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#1: The new model of policy influencing

January 26, 2024 #Insights
#1: The new model of policy influencing
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It was a real pleasure to speak with Sonya Sceats, CEO of Freedom from Torture, for the first in a series of interviews on Getting Policy Unstuck. We talked about the move away from evidence-informed policymaking, culture wars, and the importance of civil society taking a stand.

The power has sapped out of the traditional model of influencing. The answer to that has got to be a wholesale theory of change shift away from a presumption that we can get the right thing done by drawing on the evidence base and doing government advocacy, in favour of movement building approaches aimed at building public constituencies who will actively defend the norms we believe in.

The golden poo was just one small element of a really great campaign that we ran with survivors and many other partners in civil society called Stop the Flights*. The motivating insight was that the government isn’t listening to us, so we decided to run a corporate campaign targeting the airlines on which the government was relying to make this scheme effective. We got that campaign launched within a month of the Rwanda scheme being announced.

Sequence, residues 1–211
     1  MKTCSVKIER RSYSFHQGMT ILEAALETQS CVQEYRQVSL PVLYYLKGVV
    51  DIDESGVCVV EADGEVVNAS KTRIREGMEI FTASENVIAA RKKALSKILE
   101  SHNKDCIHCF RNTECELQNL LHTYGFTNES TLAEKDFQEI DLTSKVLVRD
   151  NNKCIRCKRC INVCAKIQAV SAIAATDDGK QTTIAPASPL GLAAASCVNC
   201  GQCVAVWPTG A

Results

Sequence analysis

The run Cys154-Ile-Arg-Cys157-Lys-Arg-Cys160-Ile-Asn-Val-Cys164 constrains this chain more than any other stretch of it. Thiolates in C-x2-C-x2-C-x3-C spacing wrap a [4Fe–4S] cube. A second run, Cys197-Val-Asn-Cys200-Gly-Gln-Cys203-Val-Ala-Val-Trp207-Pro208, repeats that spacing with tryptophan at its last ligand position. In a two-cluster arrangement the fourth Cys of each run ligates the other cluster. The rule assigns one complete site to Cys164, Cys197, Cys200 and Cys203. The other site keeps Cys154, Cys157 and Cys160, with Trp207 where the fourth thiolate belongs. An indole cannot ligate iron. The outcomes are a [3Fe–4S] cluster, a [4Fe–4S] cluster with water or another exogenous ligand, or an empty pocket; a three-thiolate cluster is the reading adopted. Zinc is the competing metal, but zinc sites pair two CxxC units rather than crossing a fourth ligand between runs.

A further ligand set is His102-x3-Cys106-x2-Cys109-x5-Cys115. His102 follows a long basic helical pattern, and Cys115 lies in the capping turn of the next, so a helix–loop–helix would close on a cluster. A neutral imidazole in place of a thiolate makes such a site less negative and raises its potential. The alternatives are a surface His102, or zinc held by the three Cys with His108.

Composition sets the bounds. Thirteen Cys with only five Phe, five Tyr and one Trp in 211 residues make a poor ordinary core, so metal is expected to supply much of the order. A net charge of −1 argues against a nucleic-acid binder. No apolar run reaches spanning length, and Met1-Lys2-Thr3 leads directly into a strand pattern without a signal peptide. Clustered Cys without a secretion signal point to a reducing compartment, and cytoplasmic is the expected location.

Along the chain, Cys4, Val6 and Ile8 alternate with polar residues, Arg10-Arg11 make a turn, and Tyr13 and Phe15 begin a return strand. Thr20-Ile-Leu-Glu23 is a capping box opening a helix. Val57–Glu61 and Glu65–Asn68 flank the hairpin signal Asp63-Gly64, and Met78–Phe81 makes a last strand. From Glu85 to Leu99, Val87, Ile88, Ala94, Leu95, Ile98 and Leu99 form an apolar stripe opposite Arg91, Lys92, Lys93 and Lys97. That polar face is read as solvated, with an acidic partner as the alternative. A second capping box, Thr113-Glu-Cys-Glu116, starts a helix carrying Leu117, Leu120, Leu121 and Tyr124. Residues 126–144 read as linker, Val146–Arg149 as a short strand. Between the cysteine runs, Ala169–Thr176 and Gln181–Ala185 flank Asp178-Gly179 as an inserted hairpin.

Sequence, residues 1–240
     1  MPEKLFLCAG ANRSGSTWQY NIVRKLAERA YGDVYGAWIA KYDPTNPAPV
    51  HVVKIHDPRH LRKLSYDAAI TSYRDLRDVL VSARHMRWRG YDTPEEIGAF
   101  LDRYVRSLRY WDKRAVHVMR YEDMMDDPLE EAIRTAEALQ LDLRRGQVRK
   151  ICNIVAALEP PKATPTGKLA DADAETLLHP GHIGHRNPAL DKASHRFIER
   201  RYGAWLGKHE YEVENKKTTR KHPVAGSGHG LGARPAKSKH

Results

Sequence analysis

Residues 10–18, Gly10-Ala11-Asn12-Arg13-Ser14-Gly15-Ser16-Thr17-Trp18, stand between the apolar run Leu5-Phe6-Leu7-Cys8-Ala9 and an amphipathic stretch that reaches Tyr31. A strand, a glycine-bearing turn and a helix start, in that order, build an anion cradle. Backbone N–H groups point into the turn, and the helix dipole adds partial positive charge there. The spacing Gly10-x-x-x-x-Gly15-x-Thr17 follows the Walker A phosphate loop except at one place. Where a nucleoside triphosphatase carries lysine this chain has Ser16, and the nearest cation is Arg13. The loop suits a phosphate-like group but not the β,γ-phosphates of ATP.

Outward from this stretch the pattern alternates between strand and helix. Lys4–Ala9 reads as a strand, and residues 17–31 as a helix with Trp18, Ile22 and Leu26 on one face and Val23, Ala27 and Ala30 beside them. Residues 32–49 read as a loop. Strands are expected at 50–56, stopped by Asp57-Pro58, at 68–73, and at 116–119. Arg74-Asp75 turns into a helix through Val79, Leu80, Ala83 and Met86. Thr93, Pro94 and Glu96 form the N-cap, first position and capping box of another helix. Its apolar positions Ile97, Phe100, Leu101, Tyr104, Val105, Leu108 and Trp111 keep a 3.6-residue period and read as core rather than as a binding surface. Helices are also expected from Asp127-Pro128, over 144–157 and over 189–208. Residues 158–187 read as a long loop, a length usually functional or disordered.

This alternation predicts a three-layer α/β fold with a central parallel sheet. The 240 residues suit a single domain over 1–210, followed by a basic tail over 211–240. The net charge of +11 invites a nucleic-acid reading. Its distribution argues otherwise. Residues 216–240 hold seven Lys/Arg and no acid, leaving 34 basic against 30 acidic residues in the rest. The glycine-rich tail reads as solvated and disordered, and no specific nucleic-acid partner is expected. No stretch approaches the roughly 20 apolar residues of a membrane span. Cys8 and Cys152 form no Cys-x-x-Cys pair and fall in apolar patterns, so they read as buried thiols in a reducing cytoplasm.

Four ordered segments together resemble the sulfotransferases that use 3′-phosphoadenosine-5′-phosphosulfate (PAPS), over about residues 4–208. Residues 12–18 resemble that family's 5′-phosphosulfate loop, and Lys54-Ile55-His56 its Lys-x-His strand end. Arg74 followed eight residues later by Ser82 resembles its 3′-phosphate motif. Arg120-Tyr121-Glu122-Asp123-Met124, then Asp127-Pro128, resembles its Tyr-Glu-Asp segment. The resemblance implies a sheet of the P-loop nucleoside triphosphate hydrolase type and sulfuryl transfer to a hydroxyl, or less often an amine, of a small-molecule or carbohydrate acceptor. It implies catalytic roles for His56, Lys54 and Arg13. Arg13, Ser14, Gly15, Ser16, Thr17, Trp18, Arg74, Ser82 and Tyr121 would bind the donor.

* for non-UK readers, this targeted the UK Government’s plan to fly asylum seekers to Rwanda.

We called up these 3D printers and said we need this thing done. How quickly can you do it? They said look, we’re busy, we’ve got no availability for a month, but what is it? And we said, it’s a golden poo “world’s worst airline” award to present to the airline that wants to fly the refugees to Rwanda and they said right, we’ll do it by tomorrow, and we’ll do it for free. 

One of my colleagues describes it as a surround system approach. We went for them in the public eye, we went for them in their own backyard and we went for them in their own communities of peers. Torture survivors were really keen to front this campaign and not just be in the background advising and helping to create the concepts. So we did things like have survivors over to the world’s largest aviation conference in Amsterdam, and they stormed the stage and they told the airline industry what was happening. The industry was horrified and of course we put that all over social media. We finally got this email through from the airline saying, “call your campaign off, we are out of this game.”

It’s a really good example of the importance of agility in campaigning and that goes against the orthodoxy in so much of the campaigning that I have seen, the kind of orthodoxy that everything needs to be really carefully planned out: very processed, very deliberative. This campaign was the absolute opposite of that.